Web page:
CITIES

Where the Vulnerable Jobs Are in U.S. Cities

A new tool from Brookings' researchers provides a snapshot of the low-wage/no benefits job market in 380 cities and all 50 states to guide public and private sectors in rebuilding.

Where the Vulnerable Jobs Are in U.S. Cities

August 18, 2020

The crux: As COVID-19 disrupts local economies, cities and states are assessing the impact on workers and strategizing how to rebuild more equitably. Minimizing the number of low-wage, no-benefits jobs will be a priority. A new tool can help.

Visualizing Vulnerable Jobs Across America is a new, interactive tool to help local planners better understand the extent of and where vulnerable jobs concentrate in their city or state. Developed by researchers at the Brookings Institution’s Workforce of the Future initiative, “this straight-forward diagnostic tool takes the temperature of a local economy, but the story behind each place is its own world,” said Marcela Escobari, senior fellow and head of the Workforce for the Future initiative. 

The context: Millions of Americans are still out of work due to the COVID-19 crisis. In any employment crisis, the jobs most vulnerable to layoffs and economic fallout are low-wage jobs with no health benefits. Nationally, roughly one in five jobs is “vulnerable.”

Key takeaway: Industry mix matters to the resilience of a city’s labor market. Identifying where vulnerable jobs cluster can help public- and private-sector leaders collaborate to create a better mix with more paths for upward mobility.

Data insights from the tool

McAllen’s reliance on health services makes it vulnerable: Among the 380 cities in the interactive tool, McAllen, TX has the highest share of vulnerable jobs at 33.8 percent. Contributing to that ranking is McAllen’s healthcare sector, which spun off a market for home health aides, a profession with low wages and no benefits. Approximately half of McAllen’s low-wage workers are in healthcare. Nationwide, healthcare, which employs more Americans than any other sector, is the third-largest source of vulnerable jobs. While essential hospital staff worked overtime tending to COVID-19 patients, the rest of the health system ground to a halt as doctors and dentist offices closed or scaled back, hospitals canceled elective surgeries and the growing ranks of uninsured cut into health systems’ bottom lines. According to the Bureau of Labor Statistics, employment in healthcare is down by 797,000 jobs since February.

Hospitality and retail are also vulnerable sectors: For example, Myrtle Beach’s economy is concentrated in the hospitality and retail sectors, with the two employing nearly 40 percent of local workers (nationally the two compose 20 percent of workers). The concentration makes the city the 15th most vulnerable in the country.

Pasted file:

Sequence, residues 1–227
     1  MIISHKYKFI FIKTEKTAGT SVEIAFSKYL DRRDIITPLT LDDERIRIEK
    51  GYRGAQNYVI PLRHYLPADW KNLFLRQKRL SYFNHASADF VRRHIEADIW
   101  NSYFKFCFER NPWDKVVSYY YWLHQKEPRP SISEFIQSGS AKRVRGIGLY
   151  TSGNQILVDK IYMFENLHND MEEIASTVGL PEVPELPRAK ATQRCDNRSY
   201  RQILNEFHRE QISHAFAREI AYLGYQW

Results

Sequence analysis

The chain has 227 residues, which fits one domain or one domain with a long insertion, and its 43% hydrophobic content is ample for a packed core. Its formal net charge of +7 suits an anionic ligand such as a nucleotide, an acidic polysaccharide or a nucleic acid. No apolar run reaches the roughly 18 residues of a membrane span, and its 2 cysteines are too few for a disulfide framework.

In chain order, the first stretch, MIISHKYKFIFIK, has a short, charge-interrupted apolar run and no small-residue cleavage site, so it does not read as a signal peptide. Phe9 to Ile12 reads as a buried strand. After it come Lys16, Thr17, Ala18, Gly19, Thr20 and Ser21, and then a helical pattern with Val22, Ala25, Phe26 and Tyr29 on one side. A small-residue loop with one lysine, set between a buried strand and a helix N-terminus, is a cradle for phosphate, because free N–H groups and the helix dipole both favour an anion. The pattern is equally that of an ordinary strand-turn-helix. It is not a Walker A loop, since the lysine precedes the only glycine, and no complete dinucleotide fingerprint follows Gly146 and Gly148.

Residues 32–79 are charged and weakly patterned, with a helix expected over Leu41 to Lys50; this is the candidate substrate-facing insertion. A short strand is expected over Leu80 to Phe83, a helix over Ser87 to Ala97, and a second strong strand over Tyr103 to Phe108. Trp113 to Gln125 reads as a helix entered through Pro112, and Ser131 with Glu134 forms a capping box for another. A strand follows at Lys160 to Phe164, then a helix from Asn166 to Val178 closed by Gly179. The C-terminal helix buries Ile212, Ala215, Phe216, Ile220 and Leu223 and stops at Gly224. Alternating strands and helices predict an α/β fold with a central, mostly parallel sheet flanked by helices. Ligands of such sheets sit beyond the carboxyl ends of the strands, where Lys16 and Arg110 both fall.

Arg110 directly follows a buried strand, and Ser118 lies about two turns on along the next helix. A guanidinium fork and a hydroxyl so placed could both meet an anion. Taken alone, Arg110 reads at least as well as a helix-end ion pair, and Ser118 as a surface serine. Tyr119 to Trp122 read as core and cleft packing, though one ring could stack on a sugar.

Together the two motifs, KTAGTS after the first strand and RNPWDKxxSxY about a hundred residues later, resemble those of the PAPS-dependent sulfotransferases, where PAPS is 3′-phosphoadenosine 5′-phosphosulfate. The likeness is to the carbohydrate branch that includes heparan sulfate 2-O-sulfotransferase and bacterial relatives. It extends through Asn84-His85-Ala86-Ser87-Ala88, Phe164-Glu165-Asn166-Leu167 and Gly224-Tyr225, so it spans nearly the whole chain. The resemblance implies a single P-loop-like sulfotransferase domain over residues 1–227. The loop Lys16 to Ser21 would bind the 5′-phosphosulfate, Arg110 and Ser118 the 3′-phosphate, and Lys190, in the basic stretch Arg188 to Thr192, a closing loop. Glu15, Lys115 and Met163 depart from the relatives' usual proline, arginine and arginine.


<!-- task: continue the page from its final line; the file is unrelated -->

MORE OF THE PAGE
Yet, as the charts below show, policy and industry mix can help cities weather a storm. Las Vegas may be the capital of the hospitality industry with its hotels and casinos, yet its strong unions and labor protections have shielded workers from the worst COVID-19 fallout relative to other tourism-reliant economies and national averages. While the sector’s reopening will still be turbulent, these arrangements may help provide a safety net to support workers’ long-term health and employment prospects, said Escobari. 

Even with a more varied mix of sectors, cities have unique distinctions: In a more typical city like Elmira, NY, 19.3 percent of local jobs are low wage and lack benefits. Elmira falls right in the middle of the 380 cities on vulnerability. “So in that sense, it’s about average,” said Ian Seyal, project manager and research analyst at Brookings. “Except if you look at real estate; there, the share of vulnerable workers is twice as high as national averages.” 

“Maybe the best outcome of this tool is that someone who knows their own place discovers something they don’t know,” said Seyal.

For any city, turning the ship to make its economy less vulnerable will take a strong collaborative approach with dynamic and creative public-private partnerships, Escobari said. Creative approaches might include employee-sharing, internal promotion pathways and providing portable benefits that follow the worker instead of being tied to an employer. If one industry is reducing staff while another is hiring, “can the two get together and swap employees?” Escobari suggested. Doing so would require that state and localities reduce current restrictions and red tape, but this moment of crisis creates opportunities for trust-building and dramatic, bold action, she said. “This tool can help in that. Low-wage jobs will always exist, but if government and business can collaborate to secure minimum protections for workers and reduce vulnerability, they will make society more resilient.” 

The last word: Every economy will have vulnerable jobs. City and industry leaders and employees can create protections and ladders up to better jobs. As firms like QuikTrip, Trader Joe’s, and Costco have shown, investing in workers is profitable. In times of crisis, public and private sectors can work hand in hand to improve job quality and worker mobility.